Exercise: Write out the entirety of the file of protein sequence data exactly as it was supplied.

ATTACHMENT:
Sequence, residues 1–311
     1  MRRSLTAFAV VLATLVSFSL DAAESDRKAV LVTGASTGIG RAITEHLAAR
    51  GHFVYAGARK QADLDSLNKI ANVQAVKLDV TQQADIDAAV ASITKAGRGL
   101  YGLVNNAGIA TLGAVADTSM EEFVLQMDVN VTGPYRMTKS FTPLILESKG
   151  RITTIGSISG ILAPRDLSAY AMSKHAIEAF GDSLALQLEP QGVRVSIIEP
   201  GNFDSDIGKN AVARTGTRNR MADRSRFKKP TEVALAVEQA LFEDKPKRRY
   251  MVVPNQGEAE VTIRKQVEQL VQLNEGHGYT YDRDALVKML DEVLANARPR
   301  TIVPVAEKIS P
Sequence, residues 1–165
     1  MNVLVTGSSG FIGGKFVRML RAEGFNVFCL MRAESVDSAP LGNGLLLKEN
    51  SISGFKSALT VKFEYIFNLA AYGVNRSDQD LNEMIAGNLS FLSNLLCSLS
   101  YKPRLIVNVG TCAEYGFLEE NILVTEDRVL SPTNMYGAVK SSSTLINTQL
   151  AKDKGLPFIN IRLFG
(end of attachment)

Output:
Sequence, residues 1–311
     1  MRRSLTAFAV VLATLVSFSL DAAESDRKAV LVTGASTGIG RAITEHLAAR
    51  GHFVYAGARK QADLDSLNKI ANVQAVKLDV TQQADIDAAV ASITKAGRGL
   101  YGLVNNAGIA TLGAVADTSM EEFVLQMDVN VTGPYRMTKS FTPLILESKG
   151  RITTIGSISG ILAPRDLSAY AMSKHAIEAF GDSLALQLEP QGVRVSIIEP
   201  GNFDSDIGKN AVARTGTRNR MADRSRFKKP TEVALAVEQA LFEDKPKRRY
   251  MVVPNQGEAE VTIRKQVEQL VQLNEGHGYT YDRDALVKML DEVLANARPR
   301  TIVPVAEKIS P
Sequence, residues 1–165
     1  MNVLVTGSSG FIGGKFVRML RAEGFNVFCL MRAESVDSAP LGNGLLLKEN
    51  SISGFKSALT VKFEYIFNLA AYGVNRSDQD LNEMIAGNLS FLSNLLCSLS
   101  YKPRLIVNVG TCAEYGFLEE NILVTEDRVL SPTNMYGAVK SSSTLINTQL
   151  AKDKGLPFIN IRLFG